This one had to be the plot of a John Grisham beach-read:
The CEO of a mega coal company spends $3 million to help put a judge on the bench. Selfsame judge casts the deciding vote — twice — to throw out a $50 million verdict against aforementioned coal company. Judge does this despite attempts to get him to take himself off the case in the interest of, you know, fairness and all. (It really did inspire a Grisham novel.)
Real-life hero of our story? The U.S. Supreme Court, which this week ruled that an elected West Virginia Supreme Court justice should have stepped aside in a case involving a big-money donor to his campaign.
All of which got me thinking about the age-old argument of how we get our judges. Elect 'em, or appoint 'em?
The Supreme Court's decision magnifies the obvious flaws in making judges, who are supposed to be independent and impartial, go begging for election money. Logically, the cash they collect often comes from people who are part of their tribe: local attorneys, many who appear before them.
Of course we know none of our good judges would do this, but there's always the smidgen of a chance that one rogue out there might favor a guy who consistently wrote him a check or disrespect one who didn't.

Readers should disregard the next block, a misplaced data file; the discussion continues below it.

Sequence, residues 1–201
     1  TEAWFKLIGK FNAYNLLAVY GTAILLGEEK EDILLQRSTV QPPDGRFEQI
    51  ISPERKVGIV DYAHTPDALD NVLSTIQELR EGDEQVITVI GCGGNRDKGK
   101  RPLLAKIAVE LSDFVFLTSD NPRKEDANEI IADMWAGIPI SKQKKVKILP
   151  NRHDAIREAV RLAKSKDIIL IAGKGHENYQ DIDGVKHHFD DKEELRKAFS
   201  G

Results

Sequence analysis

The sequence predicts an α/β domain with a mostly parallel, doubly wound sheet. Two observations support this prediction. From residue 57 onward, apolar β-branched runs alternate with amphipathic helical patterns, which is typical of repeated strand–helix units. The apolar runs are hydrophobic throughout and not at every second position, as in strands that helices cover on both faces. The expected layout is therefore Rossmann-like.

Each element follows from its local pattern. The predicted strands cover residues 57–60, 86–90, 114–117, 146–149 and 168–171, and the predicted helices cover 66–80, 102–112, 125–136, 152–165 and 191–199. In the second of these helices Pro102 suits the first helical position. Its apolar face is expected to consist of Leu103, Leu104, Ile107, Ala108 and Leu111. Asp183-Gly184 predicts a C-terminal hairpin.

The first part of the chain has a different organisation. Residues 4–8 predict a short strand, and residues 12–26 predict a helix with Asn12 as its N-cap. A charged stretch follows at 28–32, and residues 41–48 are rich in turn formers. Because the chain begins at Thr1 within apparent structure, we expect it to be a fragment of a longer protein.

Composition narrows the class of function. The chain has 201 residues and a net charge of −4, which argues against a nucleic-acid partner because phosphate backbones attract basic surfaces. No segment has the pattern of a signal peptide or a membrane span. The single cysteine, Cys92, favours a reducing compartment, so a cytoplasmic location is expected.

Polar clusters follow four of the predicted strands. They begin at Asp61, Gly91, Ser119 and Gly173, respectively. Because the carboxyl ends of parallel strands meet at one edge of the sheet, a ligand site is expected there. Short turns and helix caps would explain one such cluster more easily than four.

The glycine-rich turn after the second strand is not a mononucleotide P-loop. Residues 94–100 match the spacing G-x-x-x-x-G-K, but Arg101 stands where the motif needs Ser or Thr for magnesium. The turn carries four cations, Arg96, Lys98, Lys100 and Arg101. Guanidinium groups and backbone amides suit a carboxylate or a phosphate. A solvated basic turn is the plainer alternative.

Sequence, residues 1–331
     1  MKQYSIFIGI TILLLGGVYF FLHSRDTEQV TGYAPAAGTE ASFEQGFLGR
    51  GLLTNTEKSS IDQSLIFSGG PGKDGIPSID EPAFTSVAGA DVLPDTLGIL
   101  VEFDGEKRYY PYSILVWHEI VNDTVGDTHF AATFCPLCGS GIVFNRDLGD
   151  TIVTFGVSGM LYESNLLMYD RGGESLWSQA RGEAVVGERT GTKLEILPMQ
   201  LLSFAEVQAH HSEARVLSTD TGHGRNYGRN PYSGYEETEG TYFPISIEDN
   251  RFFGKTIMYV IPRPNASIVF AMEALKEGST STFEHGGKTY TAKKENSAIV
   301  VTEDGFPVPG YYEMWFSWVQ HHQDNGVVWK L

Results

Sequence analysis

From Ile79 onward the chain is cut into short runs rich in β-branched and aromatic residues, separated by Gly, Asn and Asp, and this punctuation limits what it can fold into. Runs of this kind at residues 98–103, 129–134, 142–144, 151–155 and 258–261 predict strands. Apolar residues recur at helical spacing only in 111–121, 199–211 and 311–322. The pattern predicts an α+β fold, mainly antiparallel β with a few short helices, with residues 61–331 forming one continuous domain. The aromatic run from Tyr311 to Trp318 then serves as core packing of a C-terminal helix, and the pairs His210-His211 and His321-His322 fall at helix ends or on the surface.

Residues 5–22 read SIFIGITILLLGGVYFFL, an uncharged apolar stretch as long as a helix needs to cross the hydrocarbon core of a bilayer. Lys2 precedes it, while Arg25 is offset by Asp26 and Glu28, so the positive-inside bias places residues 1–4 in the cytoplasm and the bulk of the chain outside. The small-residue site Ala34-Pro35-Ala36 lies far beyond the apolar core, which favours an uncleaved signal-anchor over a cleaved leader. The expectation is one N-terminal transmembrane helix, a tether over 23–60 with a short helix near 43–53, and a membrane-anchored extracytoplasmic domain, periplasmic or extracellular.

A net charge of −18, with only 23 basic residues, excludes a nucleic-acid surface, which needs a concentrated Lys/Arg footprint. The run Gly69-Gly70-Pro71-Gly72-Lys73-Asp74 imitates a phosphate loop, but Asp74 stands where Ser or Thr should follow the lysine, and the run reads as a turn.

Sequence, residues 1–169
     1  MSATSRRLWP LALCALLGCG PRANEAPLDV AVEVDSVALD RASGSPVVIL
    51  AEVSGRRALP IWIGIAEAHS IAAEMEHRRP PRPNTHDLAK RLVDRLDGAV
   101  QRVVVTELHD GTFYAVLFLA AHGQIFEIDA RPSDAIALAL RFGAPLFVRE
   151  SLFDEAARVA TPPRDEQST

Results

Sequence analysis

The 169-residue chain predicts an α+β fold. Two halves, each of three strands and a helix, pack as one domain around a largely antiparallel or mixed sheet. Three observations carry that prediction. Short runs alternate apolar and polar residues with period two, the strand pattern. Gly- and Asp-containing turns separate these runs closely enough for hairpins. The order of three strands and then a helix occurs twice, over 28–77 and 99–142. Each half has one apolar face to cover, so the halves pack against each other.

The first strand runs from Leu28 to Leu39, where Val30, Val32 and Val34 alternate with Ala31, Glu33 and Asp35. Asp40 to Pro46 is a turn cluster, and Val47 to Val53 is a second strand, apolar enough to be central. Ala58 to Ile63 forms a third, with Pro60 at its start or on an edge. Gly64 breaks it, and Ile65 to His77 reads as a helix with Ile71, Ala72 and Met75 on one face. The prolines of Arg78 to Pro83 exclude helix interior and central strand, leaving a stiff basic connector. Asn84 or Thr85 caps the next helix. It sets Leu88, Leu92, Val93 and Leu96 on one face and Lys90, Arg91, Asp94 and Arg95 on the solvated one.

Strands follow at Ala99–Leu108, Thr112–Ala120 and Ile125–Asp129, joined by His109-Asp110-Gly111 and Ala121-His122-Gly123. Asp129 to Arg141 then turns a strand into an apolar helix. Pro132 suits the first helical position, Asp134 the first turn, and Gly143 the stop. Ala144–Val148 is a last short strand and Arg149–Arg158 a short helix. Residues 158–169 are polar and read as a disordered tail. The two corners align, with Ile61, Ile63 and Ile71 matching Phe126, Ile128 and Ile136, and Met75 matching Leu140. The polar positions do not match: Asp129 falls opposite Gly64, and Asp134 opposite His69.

Another problem: Because judges are supposed to remain neutral and decide each case on its merits and the law, they're discouraged from talking about actual issues that might be on the minds of the voters, like, say, gay marriage.
So the folks who do the electing very often know little if anything about the judicial candidates on the ballot, unless they've taken the time to read up on rulings, reputations, lawyer polls and such.
To which voters say: yawn.
Or: like I've got the time for that.
But mostly just: who?
Case in point: You can find newspaper stories from around the country about the controversy over judicial candidates who changed their names to appear differently on the ballot.
They might try to sound more Irish or more Hispanic, depending on the audience. Someone with an ambiguous-sounding first name might add a feminine-sounding middle name thinking voters will say: "Hmm, don't know anything about any of these candidates, so I'll just vote for the woman on the list."
So we should appoint our judges, right? Form a committee of smart lawyers and responsible citizens to pick the most qualified applicants, and then send a short list to the governor for the final nod, right?
Guess what. Politics creeps in there, too. Maybe even more so.
Don't believe me? At a courthouse near you, regulars can often tell you who's going to get a judicial appointment ahead of time, depending not necessarily on qualifications but on who's doing the picking.
Often, they're right.
Fair to say that here in Florida, we've struck a pretty good balance between two flawed processes.
Supreme Court justices and appeals court judges are initially appointed. Trial judges are generally elected.
All of which may be the best we can do to keep who ends up on the bench — and why — from seeming stranger than fiction.